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A firefighter's view on battling the Mac blaze

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Firefighter Alex Muir recalls the heroic efforts by his fire crew to save the Mac on May 23

Our crew at Cowcaddens is a long-established, closely knit, very experienced unit. Five of our firefighters are over 50 years old and have been together for more than 25 years. We’ve been through a great deal together and are as close as family.

The work of Charles Rennie Mackintosh holds great pride of place in Glasgow. His iconic school of art sits, in a quite foreboding manner, on our city’s highest hill. Its breathtaking frontage and beautiful interior only help to further appreciate its grandeur.

It is also the building that Glasgow firefighters talk about in hushed tones. Its geography, nature of use, and water resources would, in our opinion, conspire to make a fire in the school of art a nightmare to fight, its uniqueness and iconic status not withstanding.not withstanding.not withstanding.

We are regular visitors to the Mackintosh building; there have been many false alarms. So on May 23, Group 2 at Cowcaddens were fairly certain we would be back in our canteen enjoying our lunch within 20 minutes.

We were wrong. Within a few seconds we were all involved in a fast-moving, rapidly spreading fire which had spread from the basement to the roof. Attending crews arrived almost simultaneously, and every firefighter threw themselves into the task of not allowing Scotland’s most iconic building to be destroyed. A general feeling of ‘not on our watch’ drove us on.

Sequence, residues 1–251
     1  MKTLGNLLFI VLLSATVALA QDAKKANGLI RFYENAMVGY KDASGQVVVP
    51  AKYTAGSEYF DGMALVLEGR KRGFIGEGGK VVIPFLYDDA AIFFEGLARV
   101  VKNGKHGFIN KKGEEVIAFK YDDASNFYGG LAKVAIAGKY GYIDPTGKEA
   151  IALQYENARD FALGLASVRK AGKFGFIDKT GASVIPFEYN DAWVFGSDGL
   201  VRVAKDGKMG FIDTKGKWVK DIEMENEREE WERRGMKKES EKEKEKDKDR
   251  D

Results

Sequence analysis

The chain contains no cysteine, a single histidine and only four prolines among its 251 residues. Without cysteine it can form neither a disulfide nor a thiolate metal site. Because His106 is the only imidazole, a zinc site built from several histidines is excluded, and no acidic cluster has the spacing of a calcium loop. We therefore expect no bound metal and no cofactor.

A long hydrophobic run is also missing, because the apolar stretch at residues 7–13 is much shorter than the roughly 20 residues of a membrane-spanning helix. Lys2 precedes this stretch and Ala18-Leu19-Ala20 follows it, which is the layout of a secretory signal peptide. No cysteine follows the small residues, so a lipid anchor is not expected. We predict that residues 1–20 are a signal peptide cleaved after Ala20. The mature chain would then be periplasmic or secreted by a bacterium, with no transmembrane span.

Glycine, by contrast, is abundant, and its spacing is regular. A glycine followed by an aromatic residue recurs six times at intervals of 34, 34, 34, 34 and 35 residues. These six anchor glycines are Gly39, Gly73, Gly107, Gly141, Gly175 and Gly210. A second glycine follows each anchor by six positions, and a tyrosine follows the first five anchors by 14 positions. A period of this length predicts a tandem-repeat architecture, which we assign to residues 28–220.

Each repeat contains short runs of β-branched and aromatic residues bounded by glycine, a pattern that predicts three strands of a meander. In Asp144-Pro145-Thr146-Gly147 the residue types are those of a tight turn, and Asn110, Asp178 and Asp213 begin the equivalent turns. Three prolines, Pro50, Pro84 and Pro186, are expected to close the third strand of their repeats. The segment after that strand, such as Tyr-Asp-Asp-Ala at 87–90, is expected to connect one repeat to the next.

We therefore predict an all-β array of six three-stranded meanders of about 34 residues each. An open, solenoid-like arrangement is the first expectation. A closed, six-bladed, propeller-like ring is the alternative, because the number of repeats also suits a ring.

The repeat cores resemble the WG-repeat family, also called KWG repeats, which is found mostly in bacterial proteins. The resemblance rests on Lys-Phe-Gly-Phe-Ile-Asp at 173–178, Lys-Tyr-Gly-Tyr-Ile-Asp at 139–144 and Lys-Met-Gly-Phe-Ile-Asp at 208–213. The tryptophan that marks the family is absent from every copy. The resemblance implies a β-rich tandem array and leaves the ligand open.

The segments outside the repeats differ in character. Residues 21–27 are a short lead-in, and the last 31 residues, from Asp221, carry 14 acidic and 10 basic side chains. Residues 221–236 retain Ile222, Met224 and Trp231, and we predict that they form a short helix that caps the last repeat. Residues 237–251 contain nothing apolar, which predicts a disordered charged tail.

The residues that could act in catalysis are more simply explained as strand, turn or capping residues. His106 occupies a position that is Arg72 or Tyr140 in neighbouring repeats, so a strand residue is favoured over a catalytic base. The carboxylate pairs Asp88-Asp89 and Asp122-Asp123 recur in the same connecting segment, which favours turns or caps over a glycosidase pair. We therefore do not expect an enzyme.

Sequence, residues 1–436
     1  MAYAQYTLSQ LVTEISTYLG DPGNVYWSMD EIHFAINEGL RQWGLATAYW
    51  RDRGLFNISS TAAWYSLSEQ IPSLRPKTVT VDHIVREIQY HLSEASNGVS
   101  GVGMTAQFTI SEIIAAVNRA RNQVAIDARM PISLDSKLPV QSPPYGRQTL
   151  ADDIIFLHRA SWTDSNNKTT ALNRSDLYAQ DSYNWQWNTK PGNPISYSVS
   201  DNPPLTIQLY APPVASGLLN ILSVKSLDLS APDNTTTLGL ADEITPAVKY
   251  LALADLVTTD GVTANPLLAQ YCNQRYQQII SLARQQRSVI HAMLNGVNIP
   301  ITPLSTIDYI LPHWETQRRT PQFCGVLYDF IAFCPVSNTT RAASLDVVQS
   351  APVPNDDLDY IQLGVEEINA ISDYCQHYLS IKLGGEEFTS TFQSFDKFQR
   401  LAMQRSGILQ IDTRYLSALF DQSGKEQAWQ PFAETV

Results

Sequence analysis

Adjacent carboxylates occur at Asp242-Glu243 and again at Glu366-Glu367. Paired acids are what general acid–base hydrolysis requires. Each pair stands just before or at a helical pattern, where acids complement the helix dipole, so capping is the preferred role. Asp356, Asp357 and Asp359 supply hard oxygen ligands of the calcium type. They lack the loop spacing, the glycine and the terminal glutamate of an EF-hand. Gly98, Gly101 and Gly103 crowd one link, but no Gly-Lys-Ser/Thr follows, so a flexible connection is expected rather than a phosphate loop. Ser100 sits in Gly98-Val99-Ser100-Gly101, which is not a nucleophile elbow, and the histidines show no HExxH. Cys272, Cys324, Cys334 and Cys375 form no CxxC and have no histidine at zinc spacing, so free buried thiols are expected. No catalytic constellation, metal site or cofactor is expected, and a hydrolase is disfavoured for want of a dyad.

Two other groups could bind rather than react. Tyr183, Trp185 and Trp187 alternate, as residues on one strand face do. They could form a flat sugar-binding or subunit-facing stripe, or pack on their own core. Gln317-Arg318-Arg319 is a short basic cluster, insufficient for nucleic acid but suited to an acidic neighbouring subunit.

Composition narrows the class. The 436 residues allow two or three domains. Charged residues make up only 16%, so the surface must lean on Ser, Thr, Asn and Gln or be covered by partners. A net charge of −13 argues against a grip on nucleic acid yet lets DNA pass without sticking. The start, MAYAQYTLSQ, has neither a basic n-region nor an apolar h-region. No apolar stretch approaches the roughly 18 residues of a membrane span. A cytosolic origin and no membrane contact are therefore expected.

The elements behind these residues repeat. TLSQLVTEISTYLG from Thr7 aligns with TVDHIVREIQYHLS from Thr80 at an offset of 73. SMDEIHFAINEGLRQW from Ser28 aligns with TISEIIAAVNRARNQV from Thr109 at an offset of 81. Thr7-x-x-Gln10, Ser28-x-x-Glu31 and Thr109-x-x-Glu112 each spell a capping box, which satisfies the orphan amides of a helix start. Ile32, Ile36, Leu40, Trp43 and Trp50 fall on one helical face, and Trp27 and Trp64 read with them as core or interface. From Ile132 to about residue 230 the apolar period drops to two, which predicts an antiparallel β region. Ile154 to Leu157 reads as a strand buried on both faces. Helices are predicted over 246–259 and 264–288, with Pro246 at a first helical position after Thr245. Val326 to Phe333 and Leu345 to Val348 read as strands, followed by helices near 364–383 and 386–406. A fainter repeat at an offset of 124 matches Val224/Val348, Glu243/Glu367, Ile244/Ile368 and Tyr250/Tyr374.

Visibility was zero and the heat levels were extremely uncomfortable

Two of our 50 year olds, George Gray and Paul Mack, were among the first teams to enter the building. Wearing breathing apparatus and hauling hose lines, they exhausted their air cylinders four times, which represents a wear time of over two and a half hours.

Each time our crews left the building due to low air, they replaced their cylinders and climbed back up the cramped stone stairs to do their bit.

The firefighters gave everything they had, physically and emotionally. We organised the removal of irreplaceable items of national importance, carrying them across a flooded and hose-covered Renfrew Street, and were staggered to learn that some of the items were valued at a million pounds!

Late in the afternoon we approached our senior officers and suggested we put together a team and go back into the building to stop any chance of the fire spreading across the central stairway. This was agreed, and the entire Cowcaddens crew were able to don breathing apparatus, and drag ourselves back up the stairs to the top floors. Two of our officers, Mark Stockton and Alan Morson, supported us on the stairs, keeping an eye out for their boys and ignoring the dreadful conditions.

At one point, all six of us were lying or hunkering down on the third floor; visibility was zero and the heat levels were extremely uncomfortable. We were concerned by the worsening conditions and understood the irony of our entire squad being taken in a single stroke of fate.

We shouted out our names to ensure that no one was missing. When we eventually left the building, we sat on the pavement, in a row, steam pluming off our fire kit, filthy and exhausted. The fire defined the nature of the Scottish firefighter – they are doggedly determined, proud of their city and aware of their legacy.

When I spoke to the one of the art school’s senior managers the following evening, I was able to misquote a great movie line. ‘It’s a miracle the building is still standing,’ he said to me. ‘If it’s a miracle sir, it’s a Delta Attack Branch miracle, with good firefighters behind it.’

He obviously hasn’t seen Zulu in a while.

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Readers' comments (1)

  • The world's Architects and lovers of great Architecture are eternally grateful to those brave firefighters. Thank you Alex and your colleagues.

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